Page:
Traditional new year’s resolutions can be hard to stick to – so what about trying something different in 2023?

If you’re used to setting yourself worthy goals such as exercising more or getting organised, but find they get forgotten by the end of January – you might want to try a green resolution instead.

New research by home builder Redrow reveals sustainably focused resolutions – like mindful spending and reducing energy consumption – are overtaking traditional self-improvement ambitions.

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"Over the past 12 months we’ve seen more people than ever asking for ways to reduce their household energy consumption – and leave a smaller environmental footprint," says James Holmear, director at Redrow.

As well as giving more scrutiny to energy efficiency ratings of appliances, he says customers are installing items like EV (electric vehicle) charging points, eco waste bins and solar panels to improve their energy efficiency.

Want to make sustainable resolutions around the home but don’t know where to start? This is what Holmear recommends…

Reduce your energy consumption

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You can save on your bills simply by turning your appliances off at the mains, rather than just leaving them in standby mode, suggests Holmear. "Think televisions, computers, and game consoles – especially large households with multiple devices."

Similarly, he says turning off lights when you leave a room and installing LED bulbs around the home can help you save even more.

"Everyday tasks such as washing your clothes and cooking meals can all be reassessed to lower your energy consumption," Holmear adds. "Look to wash your regular clothes on a 30-degree cycle, and keep the higher temperatures for household linen and soiled items.

"Only do this once you have a full load to avoid running a full cycle unnecessarily. When cooking, put lids on your pans to speed up cooking time and ensure you only boil as much water in the kettle as you need."

Be more mindful of your spending

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Being mindful of spending doesn’t have to mean not spending at all, with Holmear saying it’s more about having a purpose. As the January sales approach, looking at factors beyond price and appearance can help save money in the long-term.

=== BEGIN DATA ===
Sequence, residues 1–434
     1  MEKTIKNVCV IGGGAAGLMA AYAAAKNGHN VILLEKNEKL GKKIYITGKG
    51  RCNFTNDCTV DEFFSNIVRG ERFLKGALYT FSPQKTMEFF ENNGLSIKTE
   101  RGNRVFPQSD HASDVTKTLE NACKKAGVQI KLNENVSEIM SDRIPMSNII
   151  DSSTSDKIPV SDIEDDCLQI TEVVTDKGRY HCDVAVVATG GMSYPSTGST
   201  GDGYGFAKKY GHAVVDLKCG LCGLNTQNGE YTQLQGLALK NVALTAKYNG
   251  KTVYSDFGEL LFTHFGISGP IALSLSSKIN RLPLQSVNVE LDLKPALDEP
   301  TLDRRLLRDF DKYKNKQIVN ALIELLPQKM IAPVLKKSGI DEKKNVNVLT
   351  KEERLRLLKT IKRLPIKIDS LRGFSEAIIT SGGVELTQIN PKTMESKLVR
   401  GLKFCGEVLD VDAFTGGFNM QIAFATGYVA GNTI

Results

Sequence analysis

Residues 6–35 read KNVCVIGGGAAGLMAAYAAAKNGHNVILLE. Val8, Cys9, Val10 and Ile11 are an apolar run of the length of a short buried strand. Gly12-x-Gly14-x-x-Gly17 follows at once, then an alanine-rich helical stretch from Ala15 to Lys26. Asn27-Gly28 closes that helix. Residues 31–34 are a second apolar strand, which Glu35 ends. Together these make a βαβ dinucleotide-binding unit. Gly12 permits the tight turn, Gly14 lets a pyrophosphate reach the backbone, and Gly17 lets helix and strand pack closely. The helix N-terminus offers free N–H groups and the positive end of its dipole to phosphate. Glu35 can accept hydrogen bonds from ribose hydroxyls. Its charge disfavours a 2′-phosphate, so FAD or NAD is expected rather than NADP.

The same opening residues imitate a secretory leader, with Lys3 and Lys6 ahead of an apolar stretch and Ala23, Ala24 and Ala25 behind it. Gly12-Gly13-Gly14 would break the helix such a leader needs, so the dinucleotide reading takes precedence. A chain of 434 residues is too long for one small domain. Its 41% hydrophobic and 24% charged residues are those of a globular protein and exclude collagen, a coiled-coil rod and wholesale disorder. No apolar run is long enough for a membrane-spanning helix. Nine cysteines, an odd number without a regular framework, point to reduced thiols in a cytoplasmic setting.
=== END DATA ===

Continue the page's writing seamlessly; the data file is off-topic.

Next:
Redrow’s research shows energy efficiency and being a lower cost to run, alongside price and quality, is one of the biggest influences on white goods and electrical purchases in the coming January sales.

Reduce food waste

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Storing your food properly can significantly reduce your food waste, says Holmear. "Keeping foods such as salads and herbs away from the back of the fridge in containers stops these delicate foods from freezer burn and going off quickly."

He recommends storing fresh dairy products on the middle shelf – as it’s the coolest part – then moving them to the fridge door once opened.

Keeping food that’s close to its sell-by date and leftovers visible in your fridge is an easy way to make sure no food is wasted, stresses Holmear. "And make sure the fridge and cupboards are organised ahead of your next food shop to avoid overbuying."

Invest in energy-efficient items

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Smart power strips automatically turn off electricity to all the things you don’t need. These can also be controlled remotely through an app, so you’re able to switch them off even once you’ve left the house.

It’s not just electricity that can be managed. Elsewhere, app-based heating controls such as Hive mean you never have to heat your home when it’s empty, says Holmear.

Research by Redrow found nearly two-fifths (37%) of UK adults have installed or are looking to install LED lighting around their home, alongside solar panels (13%) and smart tech (12%).

Recycle more

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"It’s important to understand what is recyclable and what isn’t," Holmear encourages. "Get to know what the symbols on the packaging mean, check with your local council’s recycling offering – and where possible, choose products that are widely recyclable with a strong environmental stance."

If you can, investigate options like eco waste bins, which might help increase recycling habits. For bigger items, Holmear recommends upcycling them or passing them on via marketplace platforms.

As Holmear points out: "The average person throws away around 400kg of waste each year, and many are still unaware of the items eligible to be recycled."